Google SPOT is a three-tiered program designed by LEARNstyle to introduce, engage and build skills around Google Apps for Education. Participants will gain foundational knowledge and specific examples of how Google Apps for Education can impact and bring excitement to their school boards, classrooms, and professional lives. Tailor your learning experience by choosing the workshops that best fit your classes and lesson plans!

Tier 1, Keynote: DJ Cunningham – CEO LEARNstyle

The Google SPOT keynote will showcase the power that Google Apps for Education has to support your teaching, through the innovative use of collaboration, cloud computing and apps.

Tier 2: Hands-on Foundation Course

This hands-on foundation course is designed to provide you with the core skills you will need to make Google Apps for Education a reality in your classroom. Participants will receive a practical hands-on introduction to Google Apps for Education, guided by 3 of LEARNstyle’s Google Certified Trainers.

BYOD (Bring Your Own Device) and learn about Google Apps for Education with our hands-on interactive instruction!

Tier 3: Breakout Workshops Participants in these breakout workshops will have the opportunity to tailor their learning to suit their personal preferences. Choose from the following 8 Google SPOT workshops offered in 2 time slots to enhance your learning with Google Apps for Education!  Two of the sessions will be offered in French!

Break out sessions 1

1.1: Google and Accessibility presenter, D.J. Cunningham

1.2: Google Next Steps for Certification, presenter: Joe Carsdale

1.3: Using Google for Formative Assessment, presenter: Teresa Greco

1.4: French Topic TBA, presenter: Lize Galuga

Break out sessions 2

2.1: Making Videos with Youtube in the Classroom, presenter: Jen Daniels

2.2: Workflow, the Google way, presenter: D.J. Cunningham

2.3: Must have apps & extensions, presenter: Joe Carsdale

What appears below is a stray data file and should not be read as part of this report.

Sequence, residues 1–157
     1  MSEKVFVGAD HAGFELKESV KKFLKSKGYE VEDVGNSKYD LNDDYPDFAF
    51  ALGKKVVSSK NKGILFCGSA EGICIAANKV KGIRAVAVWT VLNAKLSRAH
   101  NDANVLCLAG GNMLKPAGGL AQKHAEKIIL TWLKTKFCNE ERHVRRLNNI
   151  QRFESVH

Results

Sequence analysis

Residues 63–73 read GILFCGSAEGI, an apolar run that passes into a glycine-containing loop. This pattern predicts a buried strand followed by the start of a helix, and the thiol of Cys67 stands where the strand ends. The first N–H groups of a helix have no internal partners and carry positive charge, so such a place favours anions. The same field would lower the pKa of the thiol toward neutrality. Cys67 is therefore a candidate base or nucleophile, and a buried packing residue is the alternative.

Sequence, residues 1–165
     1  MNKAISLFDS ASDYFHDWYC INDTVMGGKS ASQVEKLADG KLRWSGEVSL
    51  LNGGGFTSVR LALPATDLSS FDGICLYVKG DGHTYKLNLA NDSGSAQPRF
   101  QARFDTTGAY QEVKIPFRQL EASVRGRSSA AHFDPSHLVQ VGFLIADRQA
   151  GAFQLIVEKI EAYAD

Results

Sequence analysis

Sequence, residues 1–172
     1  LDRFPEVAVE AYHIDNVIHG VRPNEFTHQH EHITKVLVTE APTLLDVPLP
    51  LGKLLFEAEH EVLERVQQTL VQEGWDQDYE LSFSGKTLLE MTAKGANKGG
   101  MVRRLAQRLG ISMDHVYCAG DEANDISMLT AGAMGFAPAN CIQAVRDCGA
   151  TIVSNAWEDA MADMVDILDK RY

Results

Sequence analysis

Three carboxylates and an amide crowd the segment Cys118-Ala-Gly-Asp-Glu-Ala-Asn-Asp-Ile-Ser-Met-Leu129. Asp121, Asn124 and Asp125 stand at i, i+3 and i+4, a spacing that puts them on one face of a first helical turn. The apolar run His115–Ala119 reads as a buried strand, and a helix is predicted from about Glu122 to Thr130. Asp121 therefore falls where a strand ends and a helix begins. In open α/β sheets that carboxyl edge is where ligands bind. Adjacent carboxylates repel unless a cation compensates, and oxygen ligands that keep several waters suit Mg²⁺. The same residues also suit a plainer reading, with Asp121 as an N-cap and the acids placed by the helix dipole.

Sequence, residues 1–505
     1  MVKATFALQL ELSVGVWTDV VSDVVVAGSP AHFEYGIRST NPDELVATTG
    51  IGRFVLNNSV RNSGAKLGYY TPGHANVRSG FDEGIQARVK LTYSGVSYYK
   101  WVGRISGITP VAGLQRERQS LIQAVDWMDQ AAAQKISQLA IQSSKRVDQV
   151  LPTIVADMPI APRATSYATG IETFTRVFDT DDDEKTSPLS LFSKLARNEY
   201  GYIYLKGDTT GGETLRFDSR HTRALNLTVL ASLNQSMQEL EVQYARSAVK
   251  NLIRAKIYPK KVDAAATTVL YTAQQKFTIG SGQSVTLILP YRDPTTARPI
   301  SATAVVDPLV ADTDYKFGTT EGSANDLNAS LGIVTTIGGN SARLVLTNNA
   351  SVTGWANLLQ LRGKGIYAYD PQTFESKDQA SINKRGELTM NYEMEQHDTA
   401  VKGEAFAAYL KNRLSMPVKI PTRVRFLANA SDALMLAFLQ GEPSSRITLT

2.4: French Topic TBA, presenter: Pierre Sarazin

A Convergence of Thought

A couple of things entered my reading today.  The first was an infographic asking “What Does An Educational Technologist Do?”  It’s an interesting graphic and worth the time to follow the link and take a look.


The second reading was a blog entry from George Couros titled “What should a networked educational leader tweet about?”  Just as the infographic is worth the time to study, so is Mr. Couros’ blog entry.  In particular, the summary at the bottom of the article about what or what not should be tweeted.

In both cases, I would suggest that these are significant descriptors.  For those of you who have access to the services of an educational technologist, I would think both are good standards for the position and worthwhile discussion with them.

But, I would take it even further.  Not only should these be considered, there is another aspect.

How often does this communication happen?  Is it sufficient when the educational technologist is in attendance at a conference or a presentation and parrotting points made by a speaker?  I would say no.  Doing so is like saying “I’m here and you’re not”.

The message that an educational technologist often gives is one of you needing to be a lifelong learner and get with the program. But what about her/him?

If you believe in lifelong learner for others, how about yourself?  If you believe in visible learning, how about yourself?

Is it not desirable, heck, even a requirement that you show how it’s done?  If it’s important to learn, I would suggest that it’s at least as important to illustrate that.  Only then, do you lead and learn by example.  Are you not learning something new every day as you would expect others to do?

Take another look at the two resources.  They really show a great convergence of ideas and should be part of a roadmap for success.  Otherwise, it’s pretty difficult to answer the question “Just what is it that you do?”


This Week in Ontario Edublogs

Another Friday and another opportunity to share some of the great things from Ontario Edublogs this past while.

Please read on and support these great authors with a visit to their posts.

Zoe Braningan-Zipe takes on the IEPs that were handed to her.  She’s identified them as originating from some sort of template and the content is provided to inform her about the accommodations, modifications, and strategies to use for success.  It sounds like she wasn’t entirely happy with the information provided and so made it a learning activity for her students.

So often, we hear about the “student being in charge of the learning” and in this post Zoe paints a picture of what it might look like for students who carry an IEP with them.